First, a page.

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Add up the reasons to fly

keep em flying

A clear, calm day and spectacular view are often reward enough for staying proficient and flying this summer. Prizes don’t hurt either.

States across the country—and AOPA—offer incentive programs to encourage general aviation pilots to explore different airports around them. The rules and sponsors for these programs vary, but each offers one more reason to get out and fly.

AOPA recently encouraged pilots on Facebook to share if they participate in state incentive programs. “I'm a new pilot as of Aug 2011 and I enjoy flying the state-level passport programs,” wrote one pilot. “It encourages me to go out and explore new airports that I may never go to otherwise. I have the NC(22 airports so far), Virginia (18) and Maryland (1) log books. I encourage everyone to get with a fellow pilot and ‘airport hop’ switching seats as you go.” keep em flying

In Kentucky, pilots who fly to participating airports this summer can enter to win an iPad with a chart subscription and aviation apps. Virginia provides recognition for pilots and passengers who visit the commonwealth’s airports and aviation museums and meet other criteria. And pilots across the nation can enter to win up to $2,499 by participating in AOPA’s Keep ‘em Flying Challenge.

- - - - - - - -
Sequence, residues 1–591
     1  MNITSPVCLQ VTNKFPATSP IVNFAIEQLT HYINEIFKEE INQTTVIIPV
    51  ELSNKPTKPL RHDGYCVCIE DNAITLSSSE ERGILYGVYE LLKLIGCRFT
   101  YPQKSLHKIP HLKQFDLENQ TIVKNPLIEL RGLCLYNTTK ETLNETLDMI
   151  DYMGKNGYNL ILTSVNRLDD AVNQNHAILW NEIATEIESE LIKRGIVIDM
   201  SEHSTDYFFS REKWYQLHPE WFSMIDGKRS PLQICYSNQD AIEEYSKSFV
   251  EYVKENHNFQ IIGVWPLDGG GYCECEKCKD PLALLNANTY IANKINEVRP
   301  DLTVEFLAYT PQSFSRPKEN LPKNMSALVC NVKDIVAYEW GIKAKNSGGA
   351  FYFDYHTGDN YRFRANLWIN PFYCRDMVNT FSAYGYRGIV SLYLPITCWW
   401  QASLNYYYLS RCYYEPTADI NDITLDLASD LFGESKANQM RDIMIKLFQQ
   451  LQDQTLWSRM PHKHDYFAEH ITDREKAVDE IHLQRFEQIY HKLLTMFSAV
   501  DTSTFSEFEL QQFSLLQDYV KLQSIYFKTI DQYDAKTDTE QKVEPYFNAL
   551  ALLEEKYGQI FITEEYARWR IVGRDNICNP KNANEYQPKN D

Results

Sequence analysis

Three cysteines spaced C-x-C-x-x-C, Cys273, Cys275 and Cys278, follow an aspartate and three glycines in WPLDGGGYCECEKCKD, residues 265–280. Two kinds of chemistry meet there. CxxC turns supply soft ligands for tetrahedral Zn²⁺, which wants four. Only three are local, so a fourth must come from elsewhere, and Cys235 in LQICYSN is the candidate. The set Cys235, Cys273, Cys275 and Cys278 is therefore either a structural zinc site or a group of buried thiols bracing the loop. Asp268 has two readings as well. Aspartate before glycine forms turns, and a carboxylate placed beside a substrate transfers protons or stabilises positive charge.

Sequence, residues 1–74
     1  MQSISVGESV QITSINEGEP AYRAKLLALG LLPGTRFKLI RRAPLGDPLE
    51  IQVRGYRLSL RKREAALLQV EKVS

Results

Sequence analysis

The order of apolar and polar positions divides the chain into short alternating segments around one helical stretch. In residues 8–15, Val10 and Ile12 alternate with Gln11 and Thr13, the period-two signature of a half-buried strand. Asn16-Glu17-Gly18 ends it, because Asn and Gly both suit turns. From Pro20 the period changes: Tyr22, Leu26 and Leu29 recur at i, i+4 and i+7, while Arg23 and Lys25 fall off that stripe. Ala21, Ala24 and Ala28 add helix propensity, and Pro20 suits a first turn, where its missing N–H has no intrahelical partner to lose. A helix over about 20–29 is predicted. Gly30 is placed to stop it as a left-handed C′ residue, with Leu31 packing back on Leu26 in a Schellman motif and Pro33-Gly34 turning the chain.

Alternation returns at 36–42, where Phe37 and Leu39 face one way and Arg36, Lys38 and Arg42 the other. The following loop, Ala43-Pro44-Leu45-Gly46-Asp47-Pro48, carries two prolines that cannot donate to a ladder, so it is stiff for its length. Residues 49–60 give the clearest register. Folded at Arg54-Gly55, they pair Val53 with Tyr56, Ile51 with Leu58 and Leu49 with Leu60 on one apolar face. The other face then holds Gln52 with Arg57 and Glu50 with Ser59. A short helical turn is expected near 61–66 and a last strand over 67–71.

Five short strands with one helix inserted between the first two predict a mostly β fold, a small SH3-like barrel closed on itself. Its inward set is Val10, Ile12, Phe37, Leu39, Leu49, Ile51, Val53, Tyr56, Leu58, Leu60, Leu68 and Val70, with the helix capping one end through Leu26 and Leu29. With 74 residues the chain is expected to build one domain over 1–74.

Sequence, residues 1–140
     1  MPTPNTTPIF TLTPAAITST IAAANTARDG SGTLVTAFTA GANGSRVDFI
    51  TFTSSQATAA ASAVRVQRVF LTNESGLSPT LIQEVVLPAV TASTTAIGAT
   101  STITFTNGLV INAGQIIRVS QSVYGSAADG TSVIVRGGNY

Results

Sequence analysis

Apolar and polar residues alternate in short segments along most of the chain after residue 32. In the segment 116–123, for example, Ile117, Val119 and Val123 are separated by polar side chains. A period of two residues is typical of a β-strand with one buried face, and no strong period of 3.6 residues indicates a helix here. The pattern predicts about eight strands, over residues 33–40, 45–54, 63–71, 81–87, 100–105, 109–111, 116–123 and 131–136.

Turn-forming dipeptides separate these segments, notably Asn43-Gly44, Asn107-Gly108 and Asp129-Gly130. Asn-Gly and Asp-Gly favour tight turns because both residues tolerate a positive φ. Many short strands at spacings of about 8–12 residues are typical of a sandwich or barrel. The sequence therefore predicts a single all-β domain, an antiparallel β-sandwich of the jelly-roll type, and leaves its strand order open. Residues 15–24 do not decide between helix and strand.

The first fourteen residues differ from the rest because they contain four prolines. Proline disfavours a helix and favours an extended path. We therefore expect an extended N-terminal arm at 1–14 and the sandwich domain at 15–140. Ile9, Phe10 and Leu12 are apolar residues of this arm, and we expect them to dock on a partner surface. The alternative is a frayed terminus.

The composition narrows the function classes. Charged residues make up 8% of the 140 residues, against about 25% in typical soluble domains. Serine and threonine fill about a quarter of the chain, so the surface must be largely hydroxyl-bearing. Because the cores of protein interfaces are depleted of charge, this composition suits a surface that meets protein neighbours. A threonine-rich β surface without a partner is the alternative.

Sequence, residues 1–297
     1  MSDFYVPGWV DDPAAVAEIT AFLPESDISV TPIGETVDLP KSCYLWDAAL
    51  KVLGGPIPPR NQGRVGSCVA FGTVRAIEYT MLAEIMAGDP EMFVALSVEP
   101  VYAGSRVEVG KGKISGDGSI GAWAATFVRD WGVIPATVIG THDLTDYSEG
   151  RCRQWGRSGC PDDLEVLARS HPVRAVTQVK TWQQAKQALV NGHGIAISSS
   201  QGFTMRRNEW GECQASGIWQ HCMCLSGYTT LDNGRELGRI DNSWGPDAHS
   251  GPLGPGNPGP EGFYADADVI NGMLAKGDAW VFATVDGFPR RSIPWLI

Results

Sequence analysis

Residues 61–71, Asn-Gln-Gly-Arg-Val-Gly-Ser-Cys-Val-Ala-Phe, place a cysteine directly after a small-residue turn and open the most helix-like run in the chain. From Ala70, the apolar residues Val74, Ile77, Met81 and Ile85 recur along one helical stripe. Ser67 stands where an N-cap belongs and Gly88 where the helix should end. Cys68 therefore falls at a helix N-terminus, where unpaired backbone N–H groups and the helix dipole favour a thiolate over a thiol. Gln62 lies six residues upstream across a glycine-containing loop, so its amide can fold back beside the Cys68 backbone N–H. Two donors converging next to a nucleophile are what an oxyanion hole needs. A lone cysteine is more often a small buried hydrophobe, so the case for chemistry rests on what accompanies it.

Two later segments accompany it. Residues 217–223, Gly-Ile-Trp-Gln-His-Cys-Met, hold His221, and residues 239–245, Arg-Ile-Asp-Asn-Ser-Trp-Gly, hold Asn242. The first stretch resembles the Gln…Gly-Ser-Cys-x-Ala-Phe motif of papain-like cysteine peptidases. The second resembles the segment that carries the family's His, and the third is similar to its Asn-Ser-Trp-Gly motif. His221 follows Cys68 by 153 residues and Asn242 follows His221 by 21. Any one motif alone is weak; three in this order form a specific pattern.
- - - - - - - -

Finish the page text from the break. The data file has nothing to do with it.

Does your state offer incentives to fly to a new public-use airport? “Ace” level participants in Maryland’s passport program recently were awarded flight jackets at the Maryland Regional Festival of Flight; “Gold” level flyers in North Dakota and Minnesota also receive a flight jacket. Top-tier participants in South Dakota’s challenge are granted a $100 gift certificate to AOPA, Sporty’s, or the Experimental Aircraft Association. Three levels of “Ambassadors” in Arkansas’ program are rewarded with rebate checks, and participants in an EAA fly-in series in Louisiana are entered into a free drawing for door prizes.

If your state hosts a passport program or challenge, why not plan for your next cross-country to do double duty? In the Kentucky challenge, for instance, registered pilots will be granted one chance to win prizes for each validated visit to a participating airport during June and July. A pilot who registers for both the Kentucky challenge and the Keep ‘em Flying Challenge could count a cross-country flight toward both challenges.

The Keep ‘em Flying Challenge, modeled after a similar challenge in Georgia hosted by the Atlanta Aero Club, is open to any pilot 19 years old or older of any certificate level, including student pilots. Pilots need only complete one Air Safety Institute online course and fly as pilot in command for at least five hours to five airports at least 50 nautical miles apart to be eligible to win cash prizes. Lighter-than-air and glider category aircraft must make five flights. Details are available on the AOPA website

Know of another incentive program aimed to get pilots in the air? Share with other pilots on AOPA’s Facebook page.

Topics: Navigation, Training and Safety, Flying Club

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